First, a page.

Sammy Fuentes / Houston Golden Gloves Boxing Icon

Sammy Fuentes boxed for The Magnolia “Y” Boxing Team until the “Y” closed down, then he and Oscar Trevino went to Kenny Weldon’s Galena Park Boxing Academy, where Sammy boxed for Kenny’s team as an amateur, then later as a professional.

Sammy was a Houston Golden Gloves Champion in the Open Division in 1978, as a Light-Flyweight, in 1979 as a Flyweight, in 1980 as a Flyweight, and in 1981 as a Bantamweight.

Sammy also boxed as a professional, compiling an excellent record of 15 wins with 3 of those wins coming by knockout, against only 1 loss and 1 draw.

Do Your Bags Move?

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Several months after I moved to California, I began to get homesick, so I dropped in to the nearest gym. It had all the standard trappings of the boxing gyms I grew up in. Fight posters on the wall, the rhythmic sounds of the speed bag, and even that distinct boxing gym smell - a smell only achieved through old sweaty headgear and damp canvases.

But something struck me as odd. All of the heavy bags were lined up against the wall, close together, on short chains. None of them could swing more than a couple of feet in either direction. The double-end bag (or “crazy bag” as some people call it) was strung so tight that if you hit it, the bag bounced rapidly in an eight-inch circle. The uppercut bag was attached to the wall and didn’t move.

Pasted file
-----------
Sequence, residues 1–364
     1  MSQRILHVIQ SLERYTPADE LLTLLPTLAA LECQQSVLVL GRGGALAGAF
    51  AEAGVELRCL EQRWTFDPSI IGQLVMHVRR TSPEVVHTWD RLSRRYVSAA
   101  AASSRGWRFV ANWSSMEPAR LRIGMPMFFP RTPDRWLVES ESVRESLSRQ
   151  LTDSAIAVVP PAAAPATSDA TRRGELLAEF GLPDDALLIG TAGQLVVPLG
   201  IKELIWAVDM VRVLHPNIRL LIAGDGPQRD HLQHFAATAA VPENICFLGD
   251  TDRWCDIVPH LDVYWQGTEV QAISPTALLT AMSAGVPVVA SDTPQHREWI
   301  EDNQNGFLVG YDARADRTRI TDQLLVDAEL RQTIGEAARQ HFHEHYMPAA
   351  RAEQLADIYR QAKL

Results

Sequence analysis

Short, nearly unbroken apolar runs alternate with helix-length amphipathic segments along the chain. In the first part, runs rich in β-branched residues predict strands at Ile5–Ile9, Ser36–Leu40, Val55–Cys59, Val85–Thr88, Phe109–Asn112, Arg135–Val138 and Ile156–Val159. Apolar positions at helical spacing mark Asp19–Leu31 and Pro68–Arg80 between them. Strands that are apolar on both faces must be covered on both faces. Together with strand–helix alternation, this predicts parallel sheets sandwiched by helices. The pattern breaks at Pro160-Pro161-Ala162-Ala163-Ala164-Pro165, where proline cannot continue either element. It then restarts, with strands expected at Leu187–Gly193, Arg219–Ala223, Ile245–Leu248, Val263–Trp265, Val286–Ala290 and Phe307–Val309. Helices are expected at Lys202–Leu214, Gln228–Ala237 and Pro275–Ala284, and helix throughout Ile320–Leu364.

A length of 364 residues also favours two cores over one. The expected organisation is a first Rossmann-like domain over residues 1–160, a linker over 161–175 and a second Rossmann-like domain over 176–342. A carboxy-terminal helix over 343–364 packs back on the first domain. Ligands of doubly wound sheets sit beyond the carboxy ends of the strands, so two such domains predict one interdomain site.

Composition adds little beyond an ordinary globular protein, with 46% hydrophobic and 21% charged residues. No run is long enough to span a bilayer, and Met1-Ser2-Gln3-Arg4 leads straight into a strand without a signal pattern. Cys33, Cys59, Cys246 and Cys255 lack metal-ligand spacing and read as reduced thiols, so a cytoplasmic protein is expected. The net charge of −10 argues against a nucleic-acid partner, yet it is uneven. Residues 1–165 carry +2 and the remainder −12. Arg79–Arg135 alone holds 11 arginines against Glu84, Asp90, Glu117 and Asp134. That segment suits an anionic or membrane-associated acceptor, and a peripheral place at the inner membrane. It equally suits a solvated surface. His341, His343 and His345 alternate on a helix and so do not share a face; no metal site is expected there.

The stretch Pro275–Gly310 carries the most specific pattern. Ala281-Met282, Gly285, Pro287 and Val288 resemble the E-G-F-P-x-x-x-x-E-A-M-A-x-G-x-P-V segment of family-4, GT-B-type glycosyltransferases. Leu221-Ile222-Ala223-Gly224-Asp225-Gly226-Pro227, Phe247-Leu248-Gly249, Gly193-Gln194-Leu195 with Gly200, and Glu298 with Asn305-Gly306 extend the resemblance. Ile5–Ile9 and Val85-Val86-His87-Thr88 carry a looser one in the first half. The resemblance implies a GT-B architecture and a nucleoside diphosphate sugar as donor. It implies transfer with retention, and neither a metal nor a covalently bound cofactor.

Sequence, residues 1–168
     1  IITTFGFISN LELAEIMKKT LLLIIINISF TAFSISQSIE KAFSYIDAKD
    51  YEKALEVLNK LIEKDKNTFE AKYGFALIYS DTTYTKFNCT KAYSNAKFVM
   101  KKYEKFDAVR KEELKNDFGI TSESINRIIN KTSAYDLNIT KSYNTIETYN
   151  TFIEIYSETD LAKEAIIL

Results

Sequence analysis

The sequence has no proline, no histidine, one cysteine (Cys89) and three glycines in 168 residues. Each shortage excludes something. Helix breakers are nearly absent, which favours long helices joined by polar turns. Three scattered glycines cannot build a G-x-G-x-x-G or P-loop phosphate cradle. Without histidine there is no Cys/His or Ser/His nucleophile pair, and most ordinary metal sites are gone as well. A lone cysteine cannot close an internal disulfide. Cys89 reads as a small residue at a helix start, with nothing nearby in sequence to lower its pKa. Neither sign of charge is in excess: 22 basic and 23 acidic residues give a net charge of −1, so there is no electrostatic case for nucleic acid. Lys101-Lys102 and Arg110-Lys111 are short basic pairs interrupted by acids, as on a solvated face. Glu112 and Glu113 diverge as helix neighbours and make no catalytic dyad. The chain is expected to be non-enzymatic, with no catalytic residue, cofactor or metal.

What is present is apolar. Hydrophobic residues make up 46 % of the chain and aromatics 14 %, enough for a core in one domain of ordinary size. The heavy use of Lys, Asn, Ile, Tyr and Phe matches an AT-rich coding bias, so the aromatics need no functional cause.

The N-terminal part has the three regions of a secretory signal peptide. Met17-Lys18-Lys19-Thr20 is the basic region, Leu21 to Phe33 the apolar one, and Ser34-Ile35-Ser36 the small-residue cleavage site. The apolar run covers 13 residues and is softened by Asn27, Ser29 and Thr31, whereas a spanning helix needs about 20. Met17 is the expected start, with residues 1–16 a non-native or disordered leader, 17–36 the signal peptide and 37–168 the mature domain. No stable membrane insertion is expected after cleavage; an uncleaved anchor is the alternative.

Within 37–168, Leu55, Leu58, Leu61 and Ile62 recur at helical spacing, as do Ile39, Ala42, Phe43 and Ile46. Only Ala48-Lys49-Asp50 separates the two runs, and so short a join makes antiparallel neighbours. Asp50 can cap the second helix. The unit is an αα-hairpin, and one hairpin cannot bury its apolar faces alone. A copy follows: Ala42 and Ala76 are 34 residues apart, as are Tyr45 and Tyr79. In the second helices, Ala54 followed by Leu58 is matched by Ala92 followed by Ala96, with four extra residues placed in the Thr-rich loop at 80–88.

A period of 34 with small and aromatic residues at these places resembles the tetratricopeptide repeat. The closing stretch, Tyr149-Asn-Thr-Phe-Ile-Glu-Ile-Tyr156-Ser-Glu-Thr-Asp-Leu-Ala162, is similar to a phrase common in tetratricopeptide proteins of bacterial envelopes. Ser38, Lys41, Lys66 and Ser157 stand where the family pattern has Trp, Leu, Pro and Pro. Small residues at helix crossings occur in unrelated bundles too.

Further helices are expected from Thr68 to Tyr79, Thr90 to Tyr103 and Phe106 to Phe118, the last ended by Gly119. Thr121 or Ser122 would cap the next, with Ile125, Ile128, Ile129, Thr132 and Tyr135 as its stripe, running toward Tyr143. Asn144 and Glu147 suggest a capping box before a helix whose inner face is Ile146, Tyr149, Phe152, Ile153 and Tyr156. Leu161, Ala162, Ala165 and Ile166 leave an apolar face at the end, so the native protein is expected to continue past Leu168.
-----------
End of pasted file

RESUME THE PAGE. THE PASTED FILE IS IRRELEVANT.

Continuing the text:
I asked the gym manager if he had any bags that moved more . He said, “No we want your punch count up. Why would the bag need to move any more than that?” I responded, “because people move”.

I use this story, not to call this particular gym out(the guys there were in great shape), but because I’ve seen numerous gyms with the same problem. It is a problem that is leading to a decline in the skills of our fighters and most people don’t know or understand it.

For those who don’t know me, Kenny Weldon is my Dad. Over the years, my dad’s fighters were known for their footwork. He worked as a technique and balance coach for Evander Holyfield, Vinny Paz, Pernell Whitaker, and others. He coached the Olympic boxing team in 1988. All of those guys could move.

A lot of that movement comes from teaching proper fundamentals and a sound philosophy. The way my dad taught, almost everything was dictated by movement. Direction will dictate what punches you throw and, if you know what you’re doing, can help you dictate what the other guy throws as well. Fundamentally sound movement is vital in boxing.

Watch my dad hold hand pads. He doesn’t have to tell the guy what to throw. the guy just knows by the way my dad is moving and holding his hands-just like a fight. It is a beautiful dance of motion and explosion.

But all the teaching in the world doesn’t matter if your fighters don’t practice. And most practice happens on the floor of the gym. Keeping your feet  in position to hit and respond to moving targets takes reflexes and timing honed by hours of practice.